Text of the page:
An Award by Any Other Name

Planet Middle SchoolMy lat­est nov­el, Plan­et Mid­dle School, was nom­i­nat­ed for an IMAGE Award, the only award for which it was nom­i­nat­ed, in fact. It did­n’t win.

Plan­et Mid­dle School received won­der­ful reviews includ­ing one star. It’s got­ten great feed­back from fans. Every­one who has read it loves it. But the nov­el did not win an award. Does that matter?

On the eve of the Oscars, my thoughts turn to awards. Actu­al awards are worth sur­pris­ing­ly lit­tle. I’m talk­ing about the medals, stat­uettes, and crys­tal fig­urines them­selves. They cost only a few dol­lars. Yet, we imbue those awards with mean­ing that makes them seem price­less. But, why?

Sup­pose I write a great book, but a pan­el of three, or six or twelve judges deem anoth­er book to be the year’s “best.” Is my great book no longer great? Is great no longer good? Is good no longer good enough?

Here’s a thought. We are not called to be the best. We are called to be our best. It’s cru­cial that we under­stand the dif­fer­ence between the two.

I love watch­ing fig­ure skat­ing. It is the sport I fol­low most close­ly dur­ing the Win­ter Olympics. But one thing that always dis­turbs me is how often win­ning sil­ver or bronze for an event is treat­ed as a fail­ure. All the emphasis—by ath­letes, coach­es, and com­men­ta­tors alike—is on the gold. Win the gold and, well, you’re gold­en. Win any­thing less and so, it seems, are you. That’s cer­tain­ly the way Debi Thomas felt the year she was beat out by Kata­ri­na Witt for the top prize. She took home the bronze in the ladies com­pe­ti­tion, the first African Amer­i­can woman to do so, as I recall. Yet, her third-place fin­ish was prac­ti­cal­ly mourned.

How many hun­dreds of ath­letes did every skater, ski­er, luger, have to beat out to even win a place on that Olympic team? For my mon­ey, any­one who makes the team is already a win­ner. How about cel­e­brat­ing that? The argu­ment works for authors, as well.

I remem­ber the first book con­ven­tion I attend­ed. it was the ABA con­fer­ence held in Las Vegas (yes, I’m dat­ing myself. This con­fer­ence is not even called ABA any­more. But nev­er mind.) I walked onto the exhib­it floor and gasped. There were acres of books laid out before me, a sight I’d nev­er even imagined.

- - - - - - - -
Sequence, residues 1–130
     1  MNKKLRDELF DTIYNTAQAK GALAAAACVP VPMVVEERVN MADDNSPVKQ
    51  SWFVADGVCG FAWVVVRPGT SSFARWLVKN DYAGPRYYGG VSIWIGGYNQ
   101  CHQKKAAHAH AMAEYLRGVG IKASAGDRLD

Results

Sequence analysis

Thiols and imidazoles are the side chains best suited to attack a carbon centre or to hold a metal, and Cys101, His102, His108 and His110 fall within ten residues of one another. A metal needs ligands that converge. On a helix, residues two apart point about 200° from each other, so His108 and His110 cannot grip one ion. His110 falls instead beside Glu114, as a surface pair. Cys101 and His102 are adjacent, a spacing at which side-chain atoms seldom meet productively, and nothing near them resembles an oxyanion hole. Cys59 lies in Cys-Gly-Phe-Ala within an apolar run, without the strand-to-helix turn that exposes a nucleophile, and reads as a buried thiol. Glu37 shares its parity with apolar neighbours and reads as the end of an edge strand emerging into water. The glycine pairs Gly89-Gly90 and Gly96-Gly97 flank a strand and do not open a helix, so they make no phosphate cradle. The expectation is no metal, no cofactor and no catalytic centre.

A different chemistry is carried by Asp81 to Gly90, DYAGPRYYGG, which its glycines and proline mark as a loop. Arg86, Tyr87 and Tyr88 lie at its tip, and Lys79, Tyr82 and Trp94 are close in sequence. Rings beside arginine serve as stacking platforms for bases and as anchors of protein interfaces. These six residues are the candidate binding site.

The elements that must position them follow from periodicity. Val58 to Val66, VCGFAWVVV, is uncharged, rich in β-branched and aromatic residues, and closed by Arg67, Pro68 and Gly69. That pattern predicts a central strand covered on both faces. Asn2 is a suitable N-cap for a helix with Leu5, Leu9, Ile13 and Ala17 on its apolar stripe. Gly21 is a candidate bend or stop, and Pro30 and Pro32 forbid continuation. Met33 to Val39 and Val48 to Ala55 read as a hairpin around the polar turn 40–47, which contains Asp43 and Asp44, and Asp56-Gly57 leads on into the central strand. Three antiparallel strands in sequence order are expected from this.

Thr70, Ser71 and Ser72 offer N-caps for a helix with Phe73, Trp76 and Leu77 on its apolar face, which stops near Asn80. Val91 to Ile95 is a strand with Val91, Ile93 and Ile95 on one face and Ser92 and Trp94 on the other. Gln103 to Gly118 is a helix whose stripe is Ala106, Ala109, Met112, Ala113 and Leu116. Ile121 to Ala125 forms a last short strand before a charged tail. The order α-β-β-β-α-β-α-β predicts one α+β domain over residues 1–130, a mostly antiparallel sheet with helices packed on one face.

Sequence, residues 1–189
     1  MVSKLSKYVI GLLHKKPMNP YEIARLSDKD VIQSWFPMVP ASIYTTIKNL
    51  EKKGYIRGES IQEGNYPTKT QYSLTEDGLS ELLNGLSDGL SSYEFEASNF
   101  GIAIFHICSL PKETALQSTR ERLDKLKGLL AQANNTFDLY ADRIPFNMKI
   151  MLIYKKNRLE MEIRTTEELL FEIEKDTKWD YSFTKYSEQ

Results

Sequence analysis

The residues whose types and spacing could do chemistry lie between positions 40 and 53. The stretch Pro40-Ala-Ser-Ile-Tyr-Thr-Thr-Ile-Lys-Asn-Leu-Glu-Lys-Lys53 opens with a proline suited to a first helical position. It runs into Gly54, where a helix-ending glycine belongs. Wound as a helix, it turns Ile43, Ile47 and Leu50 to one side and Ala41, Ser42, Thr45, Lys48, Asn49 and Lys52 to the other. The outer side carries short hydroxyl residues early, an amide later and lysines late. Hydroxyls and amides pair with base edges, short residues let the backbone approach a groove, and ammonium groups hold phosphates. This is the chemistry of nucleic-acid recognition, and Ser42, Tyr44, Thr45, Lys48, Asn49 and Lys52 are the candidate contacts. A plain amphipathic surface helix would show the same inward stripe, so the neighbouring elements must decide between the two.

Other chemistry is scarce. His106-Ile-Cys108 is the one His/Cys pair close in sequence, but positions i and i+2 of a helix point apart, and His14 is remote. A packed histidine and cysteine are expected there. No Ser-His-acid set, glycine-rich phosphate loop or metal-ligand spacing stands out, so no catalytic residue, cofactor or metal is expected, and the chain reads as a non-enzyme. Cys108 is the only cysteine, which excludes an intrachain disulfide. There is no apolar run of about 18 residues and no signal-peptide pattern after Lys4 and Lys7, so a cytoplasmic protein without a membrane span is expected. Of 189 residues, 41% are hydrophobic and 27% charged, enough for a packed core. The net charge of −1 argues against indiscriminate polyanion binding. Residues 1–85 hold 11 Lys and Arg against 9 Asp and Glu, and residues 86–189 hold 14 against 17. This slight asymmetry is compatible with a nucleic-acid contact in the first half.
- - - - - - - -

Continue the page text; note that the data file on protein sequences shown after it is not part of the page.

As I strolled down aisle after aisle, past booth after book filled with new­ly pub­lished books, I won­dered how on earth I would ever make my mark in a field so enor­mous. Then, the impos­si­ble hap­pened. I did. So did a lot of oth­er authors.

A few authors, a pre­cious few, have won the New­bery, the gold medal of chil­dren’s lit­er­a­ture. I’m not one of them, but I am in great com­pa­ny. (Jane Yolen, any­one? Gary Schmidt? What about Nao­mi Shi­hab Nye? The list is too, too long.) Does not win­ning the New­bery mean that our books aren’t good, or even great? Of course not.

We have all made the team.

We are already winners.

Out of the thou­sands, upon thou­sands, of man­u­scripts sub­mit­ted to pub­lish­ers each year, ours were select­ed for pub­li­ca­tion. Ours were noticed. Ours won fans. Ours moved read­ers to laugh­ter and tears. We need to let that be enough. I need to let that be enough.

Say it with me: We are not called to be the best. We are called to be our best. You can’t get bet­ter than that.

5 Responses

  1. Besides, the trou­ble with awards is 1. They have to be dust­ed or 2. room must be found for them or 3. as it has hap­pened to me, they can set your good coat on fire!

    Jane Yolen (Hi, Nikki!)

  2. Thank you. Yes, this must be our mantra: We are not called to be the best. We are called to be our best.

    In the end, this is not the only thing, but it is the one tru­ly impor­tant thing, the one that matters.

    (I’m not even going to ask what kind of award sets one’s coat on fire, Jane. I’d like to see it though. On video, maybe.)

  3. Beau­ti­ful­ly said, Nik­ki. I was an edi­tor at Wom­en’s Sports & Fit­ness Mag­a­zine dur­ing the Witt/Thomas show­down, and I remem­ber that mood so well. How awful for any­one to leave the Games feel­ing like a fail­ure (or being made to feel that way) if you don’t win gold.

    When I watch singers audi­tion for The Voice or Amer­i­can Idol or peo­ple tal­ent­ed in oth­er ways, I’m amazed at how much tal­ent and artistry there is in our world. I always just hope each per­son does his or her absolute best so there are no regrets.

    Don’t get me wrong–awards, espe­cial­ly big ones–must be awful­ly nice and mighty handy for your career! But I don’t think they can be the goal.

  4. I know this has noth­ing to do with the book, but I was won­der­ing if it was pos­si­ble to have con­tact through email. I am doing a project on poets and poems and I need some infor­ma­tion on your life and/or work. So I was just won­der­ing if you could con­tact me at my school email. I hope I can hear from you soon. Thank you.

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